I’ve never been a big mobile game player, but I ended up working in a mobile games company (opinions are my own etc), so I’ve been trying to expose myself to more games in this market and attempt to gain an ever-better understanding of them. One of the ways I’ve been doing that is in trying out new games, seeing what they do wrong and right, and try to draw conclusions from them that I can use in the future to make our games better. One of the resources I’ve been using for this is TouchArcade (not sponsored), and their columns listing the new iOS games of the week.
This resulted in me playing a lot more new games during my daily bus rides, but I also feel the need to discuss them somewhere and keep a log of my thoughts instead of just internalising them. So, Commuting Cognition. These will be brief, bus-ride-long thoughts on these games, and should be seen less as reviews and more as first-impression brain dumps. They also may not be daily, depending on how full the bus is that day.
Silly Walks is I Am Bread meets QWOP, but much easier to control. It’s good wacky fun.
You control a pineapple thing that is constantly rotating on one leg, and tap to make it switch to the other leg. Doing this in succession allows you to move QWOP-style, but the simple controls are much easier to grok. The aesthetic and mood are very similar to I Am Bread, but the game relies on quick, short levels instead of long intricate ones, which work especially well in mobile. These levels, the ones i played anyway, constantly introduce new concepts, like having to unplug a hot waffle maker before making it through, or running from a killer swiss knife that chases you throughout the level.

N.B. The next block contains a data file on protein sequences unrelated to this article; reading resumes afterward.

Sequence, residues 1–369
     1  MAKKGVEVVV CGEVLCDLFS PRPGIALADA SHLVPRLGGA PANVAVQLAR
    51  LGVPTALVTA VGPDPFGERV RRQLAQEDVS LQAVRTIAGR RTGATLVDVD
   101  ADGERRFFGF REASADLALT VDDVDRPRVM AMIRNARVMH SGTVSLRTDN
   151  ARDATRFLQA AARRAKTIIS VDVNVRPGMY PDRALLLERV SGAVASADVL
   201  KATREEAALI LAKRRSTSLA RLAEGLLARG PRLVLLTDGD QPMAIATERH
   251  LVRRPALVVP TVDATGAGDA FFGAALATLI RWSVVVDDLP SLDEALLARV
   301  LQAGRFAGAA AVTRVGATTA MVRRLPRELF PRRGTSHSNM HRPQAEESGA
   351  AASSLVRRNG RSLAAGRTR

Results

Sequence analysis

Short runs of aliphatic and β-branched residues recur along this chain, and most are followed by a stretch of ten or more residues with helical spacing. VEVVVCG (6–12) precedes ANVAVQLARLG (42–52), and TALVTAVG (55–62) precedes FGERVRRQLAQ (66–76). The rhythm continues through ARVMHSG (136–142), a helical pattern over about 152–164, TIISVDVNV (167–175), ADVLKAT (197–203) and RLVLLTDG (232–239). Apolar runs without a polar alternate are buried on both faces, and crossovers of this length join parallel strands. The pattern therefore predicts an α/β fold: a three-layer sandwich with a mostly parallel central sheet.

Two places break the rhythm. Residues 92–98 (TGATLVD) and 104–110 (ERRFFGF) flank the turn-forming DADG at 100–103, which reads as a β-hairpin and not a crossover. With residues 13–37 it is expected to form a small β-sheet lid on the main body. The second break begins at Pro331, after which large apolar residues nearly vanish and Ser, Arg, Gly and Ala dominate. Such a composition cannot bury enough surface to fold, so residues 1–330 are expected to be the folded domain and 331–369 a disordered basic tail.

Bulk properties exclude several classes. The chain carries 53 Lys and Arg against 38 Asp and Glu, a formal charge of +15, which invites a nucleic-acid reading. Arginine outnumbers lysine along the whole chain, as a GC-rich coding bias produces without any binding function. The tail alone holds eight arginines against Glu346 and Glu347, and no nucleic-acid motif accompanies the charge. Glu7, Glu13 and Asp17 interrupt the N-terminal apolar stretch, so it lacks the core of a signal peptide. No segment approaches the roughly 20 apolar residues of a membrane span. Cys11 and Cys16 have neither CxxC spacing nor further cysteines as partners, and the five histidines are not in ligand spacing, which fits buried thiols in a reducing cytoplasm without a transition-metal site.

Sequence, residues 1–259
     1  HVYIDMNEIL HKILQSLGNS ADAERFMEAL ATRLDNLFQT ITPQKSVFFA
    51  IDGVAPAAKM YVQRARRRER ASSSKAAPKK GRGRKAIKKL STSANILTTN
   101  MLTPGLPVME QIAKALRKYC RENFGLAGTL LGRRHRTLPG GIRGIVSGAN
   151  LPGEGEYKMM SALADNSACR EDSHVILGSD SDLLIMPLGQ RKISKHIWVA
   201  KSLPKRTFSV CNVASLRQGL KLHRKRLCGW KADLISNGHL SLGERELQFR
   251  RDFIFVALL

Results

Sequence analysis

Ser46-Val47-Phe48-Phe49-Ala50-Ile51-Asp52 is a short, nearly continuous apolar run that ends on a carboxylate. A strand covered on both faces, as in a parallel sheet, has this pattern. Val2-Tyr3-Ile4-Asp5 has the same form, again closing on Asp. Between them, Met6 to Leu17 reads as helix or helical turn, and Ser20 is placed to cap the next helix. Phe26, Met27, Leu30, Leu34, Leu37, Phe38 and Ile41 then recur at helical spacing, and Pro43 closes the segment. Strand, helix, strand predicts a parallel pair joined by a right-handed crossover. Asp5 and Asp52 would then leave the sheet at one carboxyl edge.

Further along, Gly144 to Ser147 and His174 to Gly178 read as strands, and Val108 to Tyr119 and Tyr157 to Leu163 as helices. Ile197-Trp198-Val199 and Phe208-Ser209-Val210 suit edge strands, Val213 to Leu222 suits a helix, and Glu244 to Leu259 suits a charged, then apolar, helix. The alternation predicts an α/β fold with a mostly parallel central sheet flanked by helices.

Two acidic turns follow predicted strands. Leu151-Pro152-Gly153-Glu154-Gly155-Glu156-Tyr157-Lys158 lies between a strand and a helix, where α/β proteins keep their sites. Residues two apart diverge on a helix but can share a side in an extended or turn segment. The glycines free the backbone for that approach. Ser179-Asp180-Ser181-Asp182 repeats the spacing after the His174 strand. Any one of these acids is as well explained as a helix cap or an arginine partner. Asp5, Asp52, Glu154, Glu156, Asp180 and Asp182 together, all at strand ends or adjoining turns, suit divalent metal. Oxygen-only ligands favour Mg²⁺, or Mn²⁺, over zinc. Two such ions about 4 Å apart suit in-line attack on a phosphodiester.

The super charming aesthetic and grokkable, non-frustrating controls make the game easy to get into, and the new content in each level incentivises you to push forward. This was on the top 10 free games in the US chart last i checked, and for once i can understand why.
Run on the Beat is a runner game with rhythm game aspirations.
You control a character constantly running forward and must tap on marked platforms, ostensibly to the beat of the background music, to jump across platforms. The tutorial doesn’t make it clear that you should try to jump to the beat (even if the title screen makes that pretty clear), and it took me a while to realise why that wasn’t coming across.
The placement of the platforms felt really weird and inconsistent, almost random; what i realised is that they match the BPM of the song but not any of its instruments, which was throwing me off because i didn’t have anything to follow directly. This is especially noticeable in harder difficulties where the placement feels even more haphazard. To its credit, tough, the coin placement and the sounds they make when you collect them do add a nice layer to the song.
The levels are really long for one-miss deaths, which is particularly weird given that there’s no continue system in place.
You have a lengthy list of songs all available in two difficulties right from the start, but given the oddness of the platform placements i really didn’t feel much interest in exploring them further.